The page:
Since the contemporary art world is pretty much on summer vacation until mid-September, I've been trying to find different venues to explore. On Friday night I visited the Rubin Museum of Art in Chelsea (in the building that once housed Barney's downtown space) and took advantage of the free admission (from 7:00-10:00 on Fridays). Housed in an elegant space featuring a dramatic, central, spiral staircase, The Rubin Museum focuses on the art from the Himalayas and the surrounding regions.
Currently on view is Mandala - The Perfect CIrcle which is an in-depth look at a traditional Himalayan Tantric Buddhist symbol for meditation. According to the show's introductory notes, Mandalas are intricate and artistic visual aids that serve as guides for complex meditation practices and assist in advancing users toward enlightenment. Mandalas typically feature images of deities and are made of cloth, paper, metal, wood or clay. On view are various different types of mandalas that range from paintings, wall hangings, portable mandalas, and my favorite - the elaborate and detailed three-dimensional works. Some of the mandalas on display date as far back as the 7th-9th centuries. (Through January 11, 2010.)
A Collector's Passion features over 50 South Asian and Himalayan works from the collection of Dr. David Nalin, who in the 60's was sent by the U.S. National Institutes of Health to East Pakistan (now Bangladesh) to develop a treatment for cholera. Whist there he began collecting art from the area and its surrounding regions including India, Tibet, and Nepal. Some of the pieces in his collection date back as far as the 3rd century! (Through November 9th.)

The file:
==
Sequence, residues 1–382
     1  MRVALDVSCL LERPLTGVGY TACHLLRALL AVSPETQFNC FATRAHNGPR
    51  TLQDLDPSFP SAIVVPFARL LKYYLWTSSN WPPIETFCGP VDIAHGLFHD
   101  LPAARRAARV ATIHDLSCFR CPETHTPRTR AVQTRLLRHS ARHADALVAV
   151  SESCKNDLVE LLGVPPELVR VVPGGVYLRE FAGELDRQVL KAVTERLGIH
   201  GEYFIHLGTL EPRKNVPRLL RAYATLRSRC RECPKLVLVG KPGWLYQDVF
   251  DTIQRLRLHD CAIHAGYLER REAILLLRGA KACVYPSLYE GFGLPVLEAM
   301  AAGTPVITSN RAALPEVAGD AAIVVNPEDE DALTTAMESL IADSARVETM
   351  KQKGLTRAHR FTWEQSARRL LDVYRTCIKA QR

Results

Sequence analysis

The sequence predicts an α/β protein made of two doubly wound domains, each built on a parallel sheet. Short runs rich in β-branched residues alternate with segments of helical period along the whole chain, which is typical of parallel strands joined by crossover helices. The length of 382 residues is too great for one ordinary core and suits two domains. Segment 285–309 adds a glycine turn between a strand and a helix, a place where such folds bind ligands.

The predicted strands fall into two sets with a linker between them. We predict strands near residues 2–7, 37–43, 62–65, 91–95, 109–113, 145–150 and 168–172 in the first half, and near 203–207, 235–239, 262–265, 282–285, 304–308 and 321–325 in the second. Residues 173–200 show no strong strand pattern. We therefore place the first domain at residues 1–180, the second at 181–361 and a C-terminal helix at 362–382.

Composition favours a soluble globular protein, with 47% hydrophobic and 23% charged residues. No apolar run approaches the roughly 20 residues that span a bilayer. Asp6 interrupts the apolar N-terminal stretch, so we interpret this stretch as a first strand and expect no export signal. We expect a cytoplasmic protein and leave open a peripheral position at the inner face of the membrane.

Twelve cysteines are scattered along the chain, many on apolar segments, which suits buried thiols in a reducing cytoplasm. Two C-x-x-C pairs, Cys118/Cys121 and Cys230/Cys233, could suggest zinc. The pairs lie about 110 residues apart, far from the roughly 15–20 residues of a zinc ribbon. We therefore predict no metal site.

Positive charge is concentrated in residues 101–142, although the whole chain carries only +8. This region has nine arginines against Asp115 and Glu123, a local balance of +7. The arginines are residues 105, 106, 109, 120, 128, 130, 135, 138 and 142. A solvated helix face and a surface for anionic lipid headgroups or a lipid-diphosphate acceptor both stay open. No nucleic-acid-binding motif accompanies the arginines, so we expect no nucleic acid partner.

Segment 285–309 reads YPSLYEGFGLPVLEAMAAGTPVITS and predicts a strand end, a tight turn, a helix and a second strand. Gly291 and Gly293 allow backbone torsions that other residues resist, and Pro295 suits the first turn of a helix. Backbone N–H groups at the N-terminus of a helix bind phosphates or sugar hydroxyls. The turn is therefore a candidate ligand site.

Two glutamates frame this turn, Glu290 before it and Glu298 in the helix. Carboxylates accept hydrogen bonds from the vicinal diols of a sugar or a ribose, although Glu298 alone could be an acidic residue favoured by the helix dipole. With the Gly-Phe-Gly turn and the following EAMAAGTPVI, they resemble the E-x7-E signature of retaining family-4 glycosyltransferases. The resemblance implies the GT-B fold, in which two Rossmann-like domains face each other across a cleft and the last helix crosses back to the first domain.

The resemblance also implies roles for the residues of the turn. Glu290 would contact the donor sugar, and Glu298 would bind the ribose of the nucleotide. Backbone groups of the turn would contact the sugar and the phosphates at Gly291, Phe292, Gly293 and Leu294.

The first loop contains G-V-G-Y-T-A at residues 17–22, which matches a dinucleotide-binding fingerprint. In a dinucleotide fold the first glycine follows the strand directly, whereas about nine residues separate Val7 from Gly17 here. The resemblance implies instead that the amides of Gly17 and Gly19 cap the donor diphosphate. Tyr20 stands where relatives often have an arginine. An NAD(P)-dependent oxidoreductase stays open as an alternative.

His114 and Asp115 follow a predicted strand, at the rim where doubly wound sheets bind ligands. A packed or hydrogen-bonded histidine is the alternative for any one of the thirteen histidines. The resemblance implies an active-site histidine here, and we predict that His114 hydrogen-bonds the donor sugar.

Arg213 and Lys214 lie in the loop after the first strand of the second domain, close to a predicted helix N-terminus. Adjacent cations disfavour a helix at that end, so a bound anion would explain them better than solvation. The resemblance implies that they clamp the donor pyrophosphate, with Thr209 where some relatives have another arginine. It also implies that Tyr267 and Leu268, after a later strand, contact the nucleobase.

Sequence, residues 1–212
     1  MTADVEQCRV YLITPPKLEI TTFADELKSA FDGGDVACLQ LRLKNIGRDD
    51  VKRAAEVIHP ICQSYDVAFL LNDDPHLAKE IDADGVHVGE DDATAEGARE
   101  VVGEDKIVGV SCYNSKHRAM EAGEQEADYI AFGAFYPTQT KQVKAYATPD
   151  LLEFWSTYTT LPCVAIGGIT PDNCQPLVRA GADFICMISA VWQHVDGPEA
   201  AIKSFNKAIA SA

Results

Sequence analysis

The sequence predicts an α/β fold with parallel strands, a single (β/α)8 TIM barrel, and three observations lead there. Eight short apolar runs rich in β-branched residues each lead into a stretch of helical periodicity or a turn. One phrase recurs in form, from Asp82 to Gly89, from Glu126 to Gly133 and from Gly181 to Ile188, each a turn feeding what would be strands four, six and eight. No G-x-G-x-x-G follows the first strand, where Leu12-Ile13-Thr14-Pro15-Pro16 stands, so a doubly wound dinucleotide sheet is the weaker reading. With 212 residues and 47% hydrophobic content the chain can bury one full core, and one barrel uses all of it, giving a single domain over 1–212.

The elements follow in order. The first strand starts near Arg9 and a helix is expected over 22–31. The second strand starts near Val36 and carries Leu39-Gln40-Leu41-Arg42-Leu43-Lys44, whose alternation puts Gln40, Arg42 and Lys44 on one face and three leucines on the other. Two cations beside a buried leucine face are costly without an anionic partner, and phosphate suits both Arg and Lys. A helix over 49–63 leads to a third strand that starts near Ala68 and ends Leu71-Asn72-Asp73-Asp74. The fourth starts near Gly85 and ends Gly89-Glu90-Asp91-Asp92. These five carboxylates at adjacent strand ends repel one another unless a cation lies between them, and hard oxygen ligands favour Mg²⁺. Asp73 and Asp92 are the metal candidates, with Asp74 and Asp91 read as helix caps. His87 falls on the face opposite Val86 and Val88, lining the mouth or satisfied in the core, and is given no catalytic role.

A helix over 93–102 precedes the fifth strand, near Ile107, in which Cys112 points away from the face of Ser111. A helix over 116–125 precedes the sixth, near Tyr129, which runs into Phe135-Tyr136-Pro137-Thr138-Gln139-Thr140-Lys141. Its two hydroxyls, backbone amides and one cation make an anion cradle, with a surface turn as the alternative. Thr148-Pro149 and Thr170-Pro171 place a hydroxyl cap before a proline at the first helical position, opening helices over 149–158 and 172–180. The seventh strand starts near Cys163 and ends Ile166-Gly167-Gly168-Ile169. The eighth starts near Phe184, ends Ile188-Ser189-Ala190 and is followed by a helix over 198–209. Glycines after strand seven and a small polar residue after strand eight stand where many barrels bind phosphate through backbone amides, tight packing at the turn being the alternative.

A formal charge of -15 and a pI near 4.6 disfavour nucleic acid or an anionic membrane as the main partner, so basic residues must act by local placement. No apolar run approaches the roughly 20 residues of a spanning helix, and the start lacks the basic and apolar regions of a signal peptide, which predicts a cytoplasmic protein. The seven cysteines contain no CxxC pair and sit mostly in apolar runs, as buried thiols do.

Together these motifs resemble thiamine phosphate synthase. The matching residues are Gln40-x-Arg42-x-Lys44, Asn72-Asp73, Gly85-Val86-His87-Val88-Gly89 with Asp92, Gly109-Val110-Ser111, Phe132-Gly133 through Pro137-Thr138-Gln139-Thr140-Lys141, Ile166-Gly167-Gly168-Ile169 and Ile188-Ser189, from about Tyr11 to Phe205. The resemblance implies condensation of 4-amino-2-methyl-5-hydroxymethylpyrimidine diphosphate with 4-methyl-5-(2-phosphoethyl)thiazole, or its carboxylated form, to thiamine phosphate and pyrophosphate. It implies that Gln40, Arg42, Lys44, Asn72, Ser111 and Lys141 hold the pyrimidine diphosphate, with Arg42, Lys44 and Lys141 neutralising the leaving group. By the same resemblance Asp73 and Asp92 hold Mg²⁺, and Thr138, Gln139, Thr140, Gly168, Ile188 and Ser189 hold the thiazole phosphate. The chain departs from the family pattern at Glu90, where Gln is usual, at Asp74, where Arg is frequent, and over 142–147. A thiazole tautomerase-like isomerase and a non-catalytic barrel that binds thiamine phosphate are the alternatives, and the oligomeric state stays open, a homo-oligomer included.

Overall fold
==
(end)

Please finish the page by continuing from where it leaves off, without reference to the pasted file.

Nagas: Hill People of India features photos by New Delhi-based photographer Pablo Bartholomew of the Nagas people from the HImalayan hills of northeast India and Myanmar. (Through September 21st.) What Is It? Himalayan Art is a sort of Himalayan Art: 101 exhibition that proposes to answer the question "What is Himalayan art?" The exhibition will periodically change to further delve into its topic and provide more answers to the question posed. (Through February 4, 2013.) From the Land of the Gods - Art of the Kathmandu Valley presents artwork from Nepal, the region located between India and Tibet that serves as "the crossroads of trans-Himalayan trade, the shared sacred site of various Himalayan religions, and the epicenter of Himalayan arts production and influence." (Through March 14, 2010.)Though you may not reach a state of enlightenment during your trip to the Rubin Museum of Art, you will be enlightened by the wealth of information you'll gain about cultures that are not familiar to many of us. Since I'm very ignorant of the art and culture of the Himalayas, it was too much to absorb in one walk-through and will likely require many return visits. To learn more about the Rubin Museum of Art, see rmanyc.org.